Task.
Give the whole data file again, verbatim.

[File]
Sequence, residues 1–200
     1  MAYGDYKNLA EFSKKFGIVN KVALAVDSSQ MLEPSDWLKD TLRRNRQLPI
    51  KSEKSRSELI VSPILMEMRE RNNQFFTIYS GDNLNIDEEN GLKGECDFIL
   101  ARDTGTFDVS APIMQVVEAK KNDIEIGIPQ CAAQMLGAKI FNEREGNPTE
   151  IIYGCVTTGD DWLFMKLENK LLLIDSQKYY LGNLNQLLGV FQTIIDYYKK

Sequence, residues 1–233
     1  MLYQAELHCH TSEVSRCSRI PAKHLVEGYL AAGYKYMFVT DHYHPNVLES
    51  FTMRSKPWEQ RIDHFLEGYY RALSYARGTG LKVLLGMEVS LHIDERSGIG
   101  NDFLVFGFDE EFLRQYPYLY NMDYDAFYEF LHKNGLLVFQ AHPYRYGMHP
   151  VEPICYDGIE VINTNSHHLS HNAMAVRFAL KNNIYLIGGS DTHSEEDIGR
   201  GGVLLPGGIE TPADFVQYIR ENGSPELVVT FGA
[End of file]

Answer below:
Sequence, residues 1–200
     1  MAYGDYKNLA EFSKKFGIVN KVALAVDSSQ MLEPSDWLKD TLRRNRQLPI
    51  KSEKSRSELI VSPILMEMRE RNNQFFTIYS GDNLNIDEEN GLKGECDFIL
   101  ARDTGTFDVS APIMQVVEAK KNDIEIGIPQ CAAQMLGAKI FNEREGNPTE
   151  IIYGCVTTGD DWLFMKLENK LLLIDSQKYY LGNLNQLLGV FQTIIDYYKK

Sequence, residues 1–233
     1  MLYQAELHCH TSEVSRCSRI PAKHLVEGYL AAGYKYMFVT DHYHPNVLES
    51  FTMRSKPWEQ RIDHFLEGYY RALSYARGTG LKVLLGMEVS LHIDERSGIG
   101  NDFLVFGFDE EFLRQYPYLY NMDYDAFYEF LHKNGLLVFQ AHPYRYGMHP
   151  VEPICYDGIE VINTNSHHLS HNAMAVRFAL KNNIYLIGGS DTHSEEDIGR
   201  GGVLLPGGIE TPADFVQYIR ENGSPELVVT FGA